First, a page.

The Spinning Mill building, center, is shown with traffic Thursday on Water Street in Skowhegan. Rich Abrahamson/Morning Sentinel

SKOWHEGAN — Work on the redevelopment of a former mill in Skowhegan is halting this week, leaving its owners urgently seeking a combination of public funding sources and tax relief from the town to address millions in damages caused by December’s historic storm.

Flood damage has put High Tide Capital LLC, the Bangor-based developer that has been rehabbing the downtown Skowhegan mill into a mixed-use development, in a multi-million-dollar pinch.

“The lights will be off and there will be no workers on site” starting Monday, said Dash Davidson, a principal in the company.

To get the project back on track, Davidson and his partners have been making urgent appeals for a mixture of publicly funded loans and relief packages. But officials still need to be convinced to approve those loans, and that process may not move fast enough to meet the project’s urgent need.

Plans for the 80,000-square-foot building, which previously was the home of Solon Manufacturing and Maine Spinning Co., include commercial and restaurant space, a hotel and mix of workforce and higher end housing. The project promises to add housing stock, drive tourism and create about 15 jobs, developers have said.

Part of the building was set to open early this year, but flooding after the storm caused an estimated $3.5-$4 million in damage, according to Davidson. The project’s insurance policy will eventually pay out about $2.5 million of that amount once the claim process is complete, Davidson said.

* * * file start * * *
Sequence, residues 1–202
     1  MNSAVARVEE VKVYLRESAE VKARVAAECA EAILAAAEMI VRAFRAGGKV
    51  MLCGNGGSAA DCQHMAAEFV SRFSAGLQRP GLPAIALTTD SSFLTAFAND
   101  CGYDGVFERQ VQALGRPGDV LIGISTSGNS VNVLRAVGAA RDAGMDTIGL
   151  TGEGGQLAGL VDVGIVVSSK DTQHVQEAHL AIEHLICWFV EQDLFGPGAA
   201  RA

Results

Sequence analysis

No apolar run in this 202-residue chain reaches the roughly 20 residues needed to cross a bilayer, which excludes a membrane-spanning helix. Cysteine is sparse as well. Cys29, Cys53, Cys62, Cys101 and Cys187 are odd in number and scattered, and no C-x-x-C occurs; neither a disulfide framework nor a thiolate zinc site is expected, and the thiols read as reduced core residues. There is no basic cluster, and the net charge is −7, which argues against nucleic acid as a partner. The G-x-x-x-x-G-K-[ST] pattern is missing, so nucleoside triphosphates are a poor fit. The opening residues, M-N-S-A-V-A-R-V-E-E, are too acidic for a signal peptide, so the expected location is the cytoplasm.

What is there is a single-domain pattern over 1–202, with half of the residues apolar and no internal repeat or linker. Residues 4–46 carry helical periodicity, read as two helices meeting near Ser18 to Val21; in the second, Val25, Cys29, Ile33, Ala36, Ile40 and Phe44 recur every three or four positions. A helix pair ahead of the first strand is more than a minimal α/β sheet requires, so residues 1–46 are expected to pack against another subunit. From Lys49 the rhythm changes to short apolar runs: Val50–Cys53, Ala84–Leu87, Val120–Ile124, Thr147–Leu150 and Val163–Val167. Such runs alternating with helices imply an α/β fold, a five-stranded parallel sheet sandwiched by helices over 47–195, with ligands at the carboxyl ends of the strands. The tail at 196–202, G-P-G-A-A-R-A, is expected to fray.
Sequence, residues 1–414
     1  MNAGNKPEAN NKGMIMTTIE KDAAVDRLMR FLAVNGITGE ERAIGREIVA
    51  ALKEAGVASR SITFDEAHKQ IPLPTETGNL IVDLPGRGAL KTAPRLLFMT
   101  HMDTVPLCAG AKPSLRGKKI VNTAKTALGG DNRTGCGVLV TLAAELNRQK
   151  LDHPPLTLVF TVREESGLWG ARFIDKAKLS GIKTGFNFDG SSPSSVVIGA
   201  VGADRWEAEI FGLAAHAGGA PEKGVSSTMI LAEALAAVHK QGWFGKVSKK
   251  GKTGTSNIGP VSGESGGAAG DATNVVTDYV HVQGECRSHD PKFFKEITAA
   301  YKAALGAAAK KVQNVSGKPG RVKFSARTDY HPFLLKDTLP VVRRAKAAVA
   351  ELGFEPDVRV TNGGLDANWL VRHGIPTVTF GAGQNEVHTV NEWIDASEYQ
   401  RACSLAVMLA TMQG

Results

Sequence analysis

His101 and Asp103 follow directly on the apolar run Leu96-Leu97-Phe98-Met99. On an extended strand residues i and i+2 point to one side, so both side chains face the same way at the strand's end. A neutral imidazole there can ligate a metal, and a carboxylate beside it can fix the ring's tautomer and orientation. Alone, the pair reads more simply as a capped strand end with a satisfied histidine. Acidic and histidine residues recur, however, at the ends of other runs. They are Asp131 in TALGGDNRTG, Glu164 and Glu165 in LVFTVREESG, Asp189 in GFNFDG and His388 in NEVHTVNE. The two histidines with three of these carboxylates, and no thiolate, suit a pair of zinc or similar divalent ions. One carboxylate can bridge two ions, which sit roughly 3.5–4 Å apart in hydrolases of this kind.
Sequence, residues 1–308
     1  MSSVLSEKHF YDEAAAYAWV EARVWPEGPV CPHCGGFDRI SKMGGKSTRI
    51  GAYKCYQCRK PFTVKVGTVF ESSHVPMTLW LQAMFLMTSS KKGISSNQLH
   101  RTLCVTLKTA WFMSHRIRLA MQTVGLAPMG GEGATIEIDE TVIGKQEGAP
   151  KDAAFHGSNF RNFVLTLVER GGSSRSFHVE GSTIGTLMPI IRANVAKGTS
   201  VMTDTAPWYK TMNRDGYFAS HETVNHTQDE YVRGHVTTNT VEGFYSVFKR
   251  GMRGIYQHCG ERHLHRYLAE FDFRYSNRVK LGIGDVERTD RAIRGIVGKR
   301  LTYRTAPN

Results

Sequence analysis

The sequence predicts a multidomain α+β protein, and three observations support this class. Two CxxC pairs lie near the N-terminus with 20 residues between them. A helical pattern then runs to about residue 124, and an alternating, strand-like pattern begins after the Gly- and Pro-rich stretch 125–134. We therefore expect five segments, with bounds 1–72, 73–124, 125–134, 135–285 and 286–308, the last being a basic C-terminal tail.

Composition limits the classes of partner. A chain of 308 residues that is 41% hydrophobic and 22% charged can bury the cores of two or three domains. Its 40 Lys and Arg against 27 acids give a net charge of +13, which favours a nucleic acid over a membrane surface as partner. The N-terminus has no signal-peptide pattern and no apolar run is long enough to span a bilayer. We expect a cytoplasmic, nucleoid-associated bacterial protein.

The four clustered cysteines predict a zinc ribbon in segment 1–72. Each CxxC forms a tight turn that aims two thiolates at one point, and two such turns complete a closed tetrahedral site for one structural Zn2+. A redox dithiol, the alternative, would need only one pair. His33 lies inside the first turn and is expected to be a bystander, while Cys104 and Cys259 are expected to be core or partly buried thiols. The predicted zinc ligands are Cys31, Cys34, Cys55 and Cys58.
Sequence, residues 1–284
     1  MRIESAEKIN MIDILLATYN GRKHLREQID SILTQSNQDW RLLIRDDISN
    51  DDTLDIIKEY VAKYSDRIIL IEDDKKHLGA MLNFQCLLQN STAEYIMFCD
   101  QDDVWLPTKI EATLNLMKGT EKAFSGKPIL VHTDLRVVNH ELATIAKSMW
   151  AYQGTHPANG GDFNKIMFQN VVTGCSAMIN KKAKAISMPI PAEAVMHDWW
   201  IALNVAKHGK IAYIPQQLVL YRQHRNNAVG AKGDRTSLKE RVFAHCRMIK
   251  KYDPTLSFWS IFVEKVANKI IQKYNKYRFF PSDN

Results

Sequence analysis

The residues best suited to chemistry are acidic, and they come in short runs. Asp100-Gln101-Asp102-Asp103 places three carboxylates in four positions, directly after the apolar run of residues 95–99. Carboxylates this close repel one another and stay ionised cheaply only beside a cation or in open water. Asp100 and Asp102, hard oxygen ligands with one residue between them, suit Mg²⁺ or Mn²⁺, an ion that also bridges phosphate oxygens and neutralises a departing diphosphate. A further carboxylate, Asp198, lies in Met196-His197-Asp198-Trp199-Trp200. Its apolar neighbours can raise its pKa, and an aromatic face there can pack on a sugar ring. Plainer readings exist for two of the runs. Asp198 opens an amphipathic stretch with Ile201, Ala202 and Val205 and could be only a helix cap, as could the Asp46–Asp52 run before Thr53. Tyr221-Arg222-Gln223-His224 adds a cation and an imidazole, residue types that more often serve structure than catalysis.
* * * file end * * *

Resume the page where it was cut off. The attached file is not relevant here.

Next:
Zack Pike, owner of Pike Project Development, stands Dec. 20 amid destroyed windows in the basement of the former Maine Spinning Mill building in Skowhegan. The basement was inundated with 5 feet of water when the Kennebec River flooded during the Dec. 18 and 19 storm. The building is part of a renovation project on the edge of downtown Skowhegan. Rich Abrahamson/Morning Sentinel file

That simple arithmetic problem leaves him and his partners looking for at least $1 million — and fast. That’s because the bank financing the project will not advance any more money on its approximately $15 million loan until the project is restored to the state it was in before the flood, according to Davidson.

No private lender would give a loan in this situation, Davidson said, which is why his company is eyeing public sources of funding to bridge the gap.

“It’s on us now to figure out how to piece the project back together,” he said.

State aid is not likely to come any time soon, as Gov. Janet Mills awaits the approval of federal funds to flow into Maine. But loans from Somerset County, the town of Skowhegan and other public sources could come together sooner.

Mills toured the damaged mill property in the days following the storm flooding, drawing more attention to the catastrophic losses of riverside property owners.

The Somerset Economic Development Corp., a county agency that operates somewhat independently, is currently fast-tracking a loan package of around $69,000 for the project through a state-matched program, according to Executive Director Christian Savage.